Here, Anekwu failed to object to the admission of the foreign records under the Confrontation Clause. Rather, Anekwu objected to the admission of the foreign records on hearsay grounds. While the Government stated in its response that the admission of records, without an authenticating witness, “does not violate the Confrontation Clause,” that brief statement by the Government does not substitute for a timely and specific Confrontation Clause objection by Anekwu. See United States v. Kessi, 868 F.2d 1097, 1102 (9th Cir.1989) (recognizing that the “pointless formality” exception—“[a] party need not properly object if doing so would be a ‘pointless formality’ “—is the “sole exception to the requirement of a formal, timely, and distinctly stated objection”). Thus, plain error review of Anekwu's Confrontation Clause claim is appropriate. See United States v. Huber, 772 F.2d 585, 588 (9th Cir.1985) (stating that where a defendant”objected on hearsay grounds, [but] failed to make a[C]onfrontation [C]lause objection at trial,” the court could review the defendant's Confrontation Clause claims “under the plain error doctrine, [despite] the lack of a timely and specific objection before the district court․”).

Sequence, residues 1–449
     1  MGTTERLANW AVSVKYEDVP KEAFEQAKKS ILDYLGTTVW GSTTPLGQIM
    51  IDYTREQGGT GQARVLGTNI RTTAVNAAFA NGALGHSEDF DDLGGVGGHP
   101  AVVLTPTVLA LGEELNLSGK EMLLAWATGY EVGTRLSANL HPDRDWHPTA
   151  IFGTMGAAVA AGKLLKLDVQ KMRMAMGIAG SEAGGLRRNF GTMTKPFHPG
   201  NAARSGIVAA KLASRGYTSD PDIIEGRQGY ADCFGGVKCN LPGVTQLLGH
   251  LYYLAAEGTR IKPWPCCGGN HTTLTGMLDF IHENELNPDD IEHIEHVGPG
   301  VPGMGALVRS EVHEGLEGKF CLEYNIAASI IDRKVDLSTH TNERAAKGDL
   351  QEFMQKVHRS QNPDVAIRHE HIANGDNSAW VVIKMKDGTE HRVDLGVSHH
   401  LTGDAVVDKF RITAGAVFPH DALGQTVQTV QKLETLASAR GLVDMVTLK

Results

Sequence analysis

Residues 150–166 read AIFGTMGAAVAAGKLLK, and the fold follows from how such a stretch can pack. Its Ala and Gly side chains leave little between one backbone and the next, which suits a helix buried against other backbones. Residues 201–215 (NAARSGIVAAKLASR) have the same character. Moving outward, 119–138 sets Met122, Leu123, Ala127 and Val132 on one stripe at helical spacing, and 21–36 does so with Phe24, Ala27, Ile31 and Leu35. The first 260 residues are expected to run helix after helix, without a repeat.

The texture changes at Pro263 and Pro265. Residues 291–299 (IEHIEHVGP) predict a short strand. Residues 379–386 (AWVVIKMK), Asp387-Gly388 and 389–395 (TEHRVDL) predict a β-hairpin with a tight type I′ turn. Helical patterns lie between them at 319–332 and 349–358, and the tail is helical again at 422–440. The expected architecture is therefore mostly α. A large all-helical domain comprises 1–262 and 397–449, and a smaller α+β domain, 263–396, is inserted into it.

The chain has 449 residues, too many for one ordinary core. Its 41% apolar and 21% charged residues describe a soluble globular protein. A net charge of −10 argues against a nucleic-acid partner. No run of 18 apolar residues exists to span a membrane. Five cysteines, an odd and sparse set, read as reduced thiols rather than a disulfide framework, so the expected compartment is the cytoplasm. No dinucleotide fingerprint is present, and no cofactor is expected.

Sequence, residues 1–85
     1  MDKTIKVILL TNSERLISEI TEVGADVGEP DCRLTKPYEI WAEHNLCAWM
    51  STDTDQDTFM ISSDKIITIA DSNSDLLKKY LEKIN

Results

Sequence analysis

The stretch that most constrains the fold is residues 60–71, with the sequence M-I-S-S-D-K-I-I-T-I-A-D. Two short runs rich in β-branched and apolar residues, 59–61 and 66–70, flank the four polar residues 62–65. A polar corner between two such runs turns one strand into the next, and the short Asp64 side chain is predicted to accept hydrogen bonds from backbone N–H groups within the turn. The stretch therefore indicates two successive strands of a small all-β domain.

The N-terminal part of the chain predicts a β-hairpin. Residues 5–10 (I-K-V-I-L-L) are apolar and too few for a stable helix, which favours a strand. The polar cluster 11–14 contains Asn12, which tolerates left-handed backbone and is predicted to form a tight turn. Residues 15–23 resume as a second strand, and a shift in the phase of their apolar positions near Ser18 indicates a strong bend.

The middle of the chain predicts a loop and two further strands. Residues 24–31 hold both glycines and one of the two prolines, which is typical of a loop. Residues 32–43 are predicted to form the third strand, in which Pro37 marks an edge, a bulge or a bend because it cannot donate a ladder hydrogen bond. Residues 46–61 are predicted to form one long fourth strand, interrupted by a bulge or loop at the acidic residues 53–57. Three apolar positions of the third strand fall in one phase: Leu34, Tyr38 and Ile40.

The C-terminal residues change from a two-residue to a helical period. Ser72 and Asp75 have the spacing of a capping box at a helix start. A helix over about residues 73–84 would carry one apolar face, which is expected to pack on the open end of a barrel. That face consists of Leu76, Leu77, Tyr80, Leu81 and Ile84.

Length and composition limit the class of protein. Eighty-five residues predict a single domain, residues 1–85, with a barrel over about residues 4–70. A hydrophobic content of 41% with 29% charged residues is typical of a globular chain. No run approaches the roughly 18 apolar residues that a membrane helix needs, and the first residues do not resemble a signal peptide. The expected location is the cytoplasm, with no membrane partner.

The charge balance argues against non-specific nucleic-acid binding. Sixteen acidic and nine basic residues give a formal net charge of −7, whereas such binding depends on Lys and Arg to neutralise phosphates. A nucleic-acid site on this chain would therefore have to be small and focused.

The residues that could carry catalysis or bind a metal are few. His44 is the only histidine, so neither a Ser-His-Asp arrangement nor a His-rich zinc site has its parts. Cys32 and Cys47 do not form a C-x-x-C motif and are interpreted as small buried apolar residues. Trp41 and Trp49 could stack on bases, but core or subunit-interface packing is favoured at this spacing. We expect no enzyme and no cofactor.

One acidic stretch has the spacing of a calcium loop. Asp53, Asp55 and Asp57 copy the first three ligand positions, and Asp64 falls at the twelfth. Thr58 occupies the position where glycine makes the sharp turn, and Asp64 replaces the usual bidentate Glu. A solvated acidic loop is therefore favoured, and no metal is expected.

We cannot conclude that the district court plainly erred in admitting certificates of authentication for foreign public and business records into evidence. “The Sixth Amendment to the United States Constitution, made applicable to the States via the Fourteenth Amendment, provides that ‘[i]n all criminal prosecutions, the accused shall enjoy the right ․ to be confronted with the witnesses against him.’ “ Melendez–Diaz v. Massachusetts, 557 U.S. 305, 309, 129 S.Ct. 2527, 174 L.Ed.2d 314 (2009) (alterations in original) (citation omitted). The Confrontation Clause “guarantees a defendant's right to confront those who'bear testimony' against him. A witness's testimony against a defendant is thus inadmissible unless the witness appears at trial or, if the witness is unavailable, the defendant had a prior opportunity for cross-examination.” Id. (internal quotation marks and citation omitted). “To rank as ‘testimonial,’ a statement must have a ‘primary purpose’ of ‘establish[ing] or prov[ing] past events potentially relevant to later criminal prosecution.” Bullcoming v. New Mexico, ––– U.S. ––––, ––––n. 6, 131 S.Ct. 2705, 2714 n. 6, 180 L.Ed.2d 610 (2011) (quoting Davis v. Washington, 547 U.S. 813, 822, 126 S.Ct. 2266, 165 L.Ed.2d 224 (2006)).